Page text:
Aside from being a thrilling film, The Battle of Algiers serves as a lesson when assessing the violence erupting in the Middle East today. What essential question, similar to that of the French general, should be asked about conflicts in the Middle East? One might ask, should Israel have a military presence in Gaza and the West Bank? And should the U.S. have a military presence in Iraq? Perhaps most importantly, what is the difference between a terrorist and a revolutionary?

The Algerian revolutionaries in the film strongly resembled what are now considered terrorists. However France didn't belong in Algeria and eventually withdrew in 1962. Should France stay in Algiers? The answer was no. The overthrow of the French regime seemed inevitable in the film. The Algerian people, picked up off the street to star in the film, their impassioned and anguished faces portrayed so starkly by Pontecorvo, would not be denied.

The general in The Battle of Algiers was willing to accept torture as a consequence of war. What lengths is the US willing to go in order to stop Hamas or ISIS and protect ourselves? As the three women planted bombs in a cafe, bar, and airport populated by civilians, Pontecorvo's film forced audiences to look terrorists in the face and see a human being. In that vein, are we willing to look at our enemies and sympathize with their point of view in order to make the world a better place?

Monday, August 11, 2014

Days of Heaven (1978)

Days of Heaven has everything to delight a lay-snob's appetite for cinematic artistic pretension. Though surprisingly enough, it doesn't pass the test of a true film snob.

There is beautiful cinematography, shot during the magic-hour (how technical). And a love triangle. Not the melodramatic kind you'd see on television, but something more muted, like you'd see in a foreign film. To top it off there are the blank stares and the precocious voice over of a child.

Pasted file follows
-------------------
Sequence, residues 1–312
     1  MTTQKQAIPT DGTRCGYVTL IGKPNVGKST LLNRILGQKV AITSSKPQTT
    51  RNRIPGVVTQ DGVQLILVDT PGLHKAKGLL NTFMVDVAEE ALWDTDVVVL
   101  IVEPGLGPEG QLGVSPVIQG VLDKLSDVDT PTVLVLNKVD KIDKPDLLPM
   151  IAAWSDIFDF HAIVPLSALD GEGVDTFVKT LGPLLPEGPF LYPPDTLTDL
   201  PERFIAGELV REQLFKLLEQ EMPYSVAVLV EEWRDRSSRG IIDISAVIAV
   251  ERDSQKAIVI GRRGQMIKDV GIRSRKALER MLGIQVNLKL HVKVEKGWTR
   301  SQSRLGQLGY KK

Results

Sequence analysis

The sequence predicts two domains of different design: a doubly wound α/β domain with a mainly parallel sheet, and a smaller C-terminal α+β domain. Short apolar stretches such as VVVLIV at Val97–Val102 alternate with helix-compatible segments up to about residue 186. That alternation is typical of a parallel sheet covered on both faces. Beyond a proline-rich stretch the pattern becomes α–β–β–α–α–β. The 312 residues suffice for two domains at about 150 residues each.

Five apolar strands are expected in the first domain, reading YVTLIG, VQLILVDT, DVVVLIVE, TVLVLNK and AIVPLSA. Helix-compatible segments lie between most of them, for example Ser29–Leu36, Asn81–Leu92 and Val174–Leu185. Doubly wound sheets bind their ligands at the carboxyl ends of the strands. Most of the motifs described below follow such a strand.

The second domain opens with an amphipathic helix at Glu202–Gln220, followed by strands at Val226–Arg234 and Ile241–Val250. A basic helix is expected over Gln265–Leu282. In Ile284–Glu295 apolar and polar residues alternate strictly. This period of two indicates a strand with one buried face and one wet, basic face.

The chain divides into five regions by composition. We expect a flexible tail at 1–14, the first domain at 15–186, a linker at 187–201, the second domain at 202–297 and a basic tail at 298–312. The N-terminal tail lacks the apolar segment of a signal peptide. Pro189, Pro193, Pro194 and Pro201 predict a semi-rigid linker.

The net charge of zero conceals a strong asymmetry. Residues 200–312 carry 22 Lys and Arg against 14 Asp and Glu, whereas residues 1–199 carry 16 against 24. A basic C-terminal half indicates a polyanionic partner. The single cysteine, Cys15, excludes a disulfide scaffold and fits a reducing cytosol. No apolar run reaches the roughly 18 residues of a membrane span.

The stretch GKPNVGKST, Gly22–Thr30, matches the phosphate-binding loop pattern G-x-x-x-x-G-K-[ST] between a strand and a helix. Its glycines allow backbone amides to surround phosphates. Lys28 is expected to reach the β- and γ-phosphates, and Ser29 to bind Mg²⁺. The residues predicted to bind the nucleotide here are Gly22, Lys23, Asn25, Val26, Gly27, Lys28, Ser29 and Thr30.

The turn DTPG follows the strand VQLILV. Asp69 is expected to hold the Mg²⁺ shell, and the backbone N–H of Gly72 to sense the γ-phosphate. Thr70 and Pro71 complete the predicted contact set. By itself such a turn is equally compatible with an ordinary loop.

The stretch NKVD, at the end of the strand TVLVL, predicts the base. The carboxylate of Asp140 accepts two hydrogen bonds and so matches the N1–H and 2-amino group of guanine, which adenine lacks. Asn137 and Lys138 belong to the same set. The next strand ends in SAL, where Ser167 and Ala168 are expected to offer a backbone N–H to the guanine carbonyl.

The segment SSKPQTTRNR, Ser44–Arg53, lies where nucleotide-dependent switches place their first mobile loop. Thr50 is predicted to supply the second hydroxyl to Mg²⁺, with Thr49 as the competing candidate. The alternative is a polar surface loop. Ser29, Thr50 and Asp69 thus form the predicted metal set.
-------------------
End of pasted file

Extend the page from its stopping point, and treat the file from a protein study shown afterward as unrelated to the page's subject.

Thanks to these key elements, Days of Heaven is regarded as one of the greatest movies ever made. It earned a place in the hearts of cinema lovers everywhere – right next to Terrence Malick's other films, The Thin Red Line (great cinematography and war), and The Tree of Life (great cinematography and Brad Pitt). Days of Heaven is one of the most visually beautiful movies ever made, but somehow certain critics still found something wrong with it. According to them, Days of Heaven is simply overrated.

The issue for these critics seems to be the devil in the details. Apparently some of Malick's crew didn't think he knew what he was doing during the making of the film. The film ran over budget because Malick allegedly started shooting inordinate amounts of coverage with the idea of solving the film's plot problems in the editing room. Infamously, he then took years to edit Days of Heaven, and had to add the voice over (much praised) after the fact just to cobble all the pieces together.

Why does this matter? For some, knowing these details takes the sheen off of the once-a-decade filmmaker’s genius. If only the movie was exactly as Malick had planned. Then they would consider Days of Heaven the masterwork of a true cinematic visionary. Knowing of
Malick's struggles opens the door to critics who wish to parse the film's thin story, and they say, disjointed composition. Not to mention Richard Gere's historically inaccurate haircut and bad acting.

In my opinion Days of Heaven is still a great film. Thank Malick for the magic-hour, the Texas prairie (actually Canada), and Linda Manz's adorably improvised Chicago-hick accent. Truthfully, Days of Heaven is pieced together just fine. And the film benefits from a story which doesn't convolute or detract from images already loaded with emotion. Even Gere's clumsy dufus approach fits a character as fleeting as the passing harvest. As Gere runs from the police like a chicken with his head cut off, with no hope of escaping, I couldn't help but think of the cruel reality of the passage of time. Gere's character is shot dead unjustly, with no hope of explaining himself and little chance of being remembered. Similarly, each summer a new batch of workers come and go, and with them foolish love affairs and forgotten children. Eventually even the wheat harvest and the prairie will disappear.